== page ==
July 2, 2015
I've been baking bread since early in our marriage (which occurred on Dec. 20, 1969). Initially, I baked for financial reasons: We were fairly impecunious people then: As a full-time middle school teacher in Aurora, Ohio, I was making $7506--that's gross annual salary. Take-home (twice monthly), as you can imagine, was somewhat less than the $312.75 you get when you divide my salary by twenty-four. Joyce was a grad assistant and made $2500 a year at Kent State.
Anyway, I figured baking bread was cheaper than buying those grocery-store spongy loaves that I didn't really like anyway. And baking our own bread was cheaper--and inconceivably better-tasting--and I've been doing it ever since--as my Facebook friends know only too well from the annoying loaf-photographs I post each Sunday.
Soon, I branched out--baking other things. Rolls, pizza dough, cornbread, and so on. And--as I've posted here before--in August 1986, on a trip to Alaska and the Yukon with my fourteen-year-old son (doing some family history and Jack London research), I bought some sourdough starter that I've been using ever since. It will turn twenty-nine this August and seems to like its routines here in Hudson.
So ... about the emotional part. Over the years I've fed my sourdough starter with flour that means something to me. I added some from the old mill in Garrettsville, Ohio (where my mom taught high school English for ten years); I added some from Lanterman's Mill in Youngstown (my great-grandfather, Warren A. Lanterman, who had a farm on Four Mile Run Road in Austintown (near Youngstown), was a relative of the mill owner); I even bought some flour (via the Internet) from a mill in West Virginia, not far from the mill my Dyer ancestors owned there in the 19th century. So, every bite of my sourdough bread contains a nip of family history.
Oh, and it's not just the dough. I use honey from the Guyette family over in Mantua, just five miles from Hiram, where I lived from ages 11-21. Mrs. Guyette was one of my high school teachers. I played basketball and baseball against Guyette boys.
I don't use the sourdough for all the baking I do. At Christmas, I follow my grandmother's recipe for white fruitcake (it's a baking-powder dough). When I make cornbread, I like to use the recipe my mother used, right from the old Better Homes & Garden cookbook--the one with the pink plaid cover.
A few years ago I used to start my day (Monday through Saturday) at the local Caribou Coffee here in Hudson. I would get a multi-grain bagel, then toast it, add some honey. But they began phasing out some of their pastry choices--and then they phased themselves out and closed their doors forever. I started going to another place--Hattie's here in Hudson--but it also soon closed (see a pattern here?).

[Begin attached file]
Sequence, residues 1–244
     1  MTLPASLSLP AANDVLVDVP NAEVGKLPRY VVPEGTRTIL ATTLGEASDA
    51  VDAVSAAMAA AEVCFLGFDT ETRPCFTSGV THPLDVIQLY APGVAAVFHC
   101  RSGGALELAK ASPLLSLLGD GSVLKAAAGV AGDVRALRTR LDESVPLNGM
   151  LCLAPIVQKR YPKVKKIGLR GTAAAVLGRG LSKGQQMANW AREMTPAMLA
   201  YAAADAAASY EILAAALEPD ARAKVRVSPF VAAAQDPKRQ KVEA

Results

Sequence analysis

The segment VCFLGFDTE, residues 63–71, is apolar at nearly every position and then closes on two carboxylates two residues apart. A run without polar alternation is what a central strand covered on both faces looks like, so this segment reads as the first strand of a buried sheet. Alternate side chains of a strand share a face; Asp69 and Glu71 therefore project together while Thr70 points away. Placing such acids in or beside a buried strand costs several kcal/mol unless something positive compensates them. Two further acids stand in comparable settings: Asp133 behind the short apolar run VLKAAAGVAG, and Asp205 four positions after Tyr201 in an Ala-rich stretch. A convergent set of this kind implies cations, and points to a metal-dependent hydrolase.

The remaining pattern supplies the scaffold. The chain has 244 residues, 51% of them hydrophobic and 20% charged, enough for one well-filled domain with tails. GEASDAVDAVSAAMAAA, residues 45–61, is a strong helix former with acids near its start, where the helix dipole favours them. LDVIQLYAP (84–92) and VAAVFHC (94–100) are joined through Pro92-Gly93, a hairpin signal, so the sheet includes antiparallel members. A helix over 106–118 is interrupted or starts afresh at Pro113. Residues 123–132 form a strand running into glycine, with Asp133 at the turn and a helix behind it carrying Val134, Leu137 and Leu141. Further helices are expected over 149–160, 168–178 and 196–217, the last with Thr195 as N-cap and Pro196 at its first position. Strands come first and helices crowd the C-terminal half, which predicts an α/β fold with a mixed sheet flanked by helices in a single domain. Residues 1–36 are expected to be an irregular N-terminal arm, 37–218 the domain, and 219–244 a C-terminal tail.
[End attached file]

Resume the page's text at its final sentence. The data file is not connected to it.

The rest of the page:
And by then I decided I wanted to bake my own breakfast pastry. And so I started messing around with scones. I tried various kinds (blueberry, cherry-walnut), but the one I like the best is maple-pecan (at the top of the page, see photo from today's baking). I bought a scone baking pan from King Arthur Flour (see above picture) and soon had memorized the recipe (modifying it, too) and was baking them every week.
So what's so emotional about this? We bought maple syrup out on Pioneer Trail (see below) throughout my boyhood. When I was a smaller boy--out in Enid, Oklahoma--we had a pecan tree in our back yard at 1709 East Broadway. My mom would bake pies with them--as would my grandmother, who lived only a block away at 1609. The nuts they didn't shell and use I would pick up from the ground and whip at my brothers. They hurt (as I discovered when some return fire came my way.) Pecan pie is still my favorite--though I can't eat it often. And don't. Really ...
Here's the scone recipe I use, if you're interested.
- spray a little oil on the baking dish
- pre-heat oven to 400F
- in a mixing bowl ...
- 1 egg (cholesterol conscious, I use 1/4 cup Egg Beaters instead)
- 1/3 cup Ohio maple syrup (from Pioneer Trail in Hiram, if possible)
- 1 tsp pure maple extract
- 1 small package (6 oz) of Chobani plain yogurt
- 1/2 tsp sea salt
- whisk ingredients until uniform and smooth
- add almost a cup of pecans, stir and mix lightly
- in Cuisinart
- 1/2 cup oat flour (this and other flours are Bob's Red Mill)
- 1 cup whole wheat flour
- 1/2 cup white flour
- 1 tsp baking powder
- 1/4 tsp baking soda
- 1/4 lb butter (I use soy butter), frozen, cut into 8 equal pieces
- zap it until it's uniform
- stir dry ingredients into the wet, adding a tiny bit of white flour until you have a nice ball of dough that sticks well to itself
- put some flour on your hands, form the dough into a nice tight grapefruit-sized ball
- place ball on lightly floured board; flatten it with the heel of your hand into a circle about the circumference of your pan
- cut into eight equal wedges
- place wedges in pan
- place pan in oven for about 25 min--or until nice and brown
- remove pan, let cool a few minutes, remove scones and put them on cooling rack (don't do this too soon: when they're hot, they're fragile--just like the rest of us)
- EAT--just one